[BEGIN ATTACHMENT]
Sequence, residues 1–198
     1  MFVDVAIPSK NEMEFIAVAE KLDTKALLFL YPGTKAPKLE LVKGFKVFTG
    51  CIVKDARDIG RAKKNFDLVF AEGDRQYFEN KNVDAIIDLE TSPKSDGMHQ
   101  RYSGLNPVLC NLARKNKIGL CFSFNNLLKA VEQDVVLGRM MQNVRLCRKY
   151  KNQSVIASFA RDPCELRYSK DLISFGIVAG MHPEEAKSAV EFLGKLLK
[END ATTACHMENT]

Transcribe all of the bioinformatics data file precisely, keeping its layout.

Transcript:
Sequence, residues 1–198
     1  MFVDVAIPSK NEMEFIAVAE KLDTKALLFL YPGTKAPKLE LVKGFKVFTG
    51  CIVKDARDIG RAKKNFDLVF AEGDRQYFEN KNVDAIIDLE TSPKSDGMHQ
   101  RYSGLNPVLC NLARKNKIGL CFSFNNLLKA VEQDVVLGRM MQNVRLCRKY
   151  KNQSVIASFA RDPCELRYSK DLISFGIVAG MHPEEAKSAV EFLGKLLK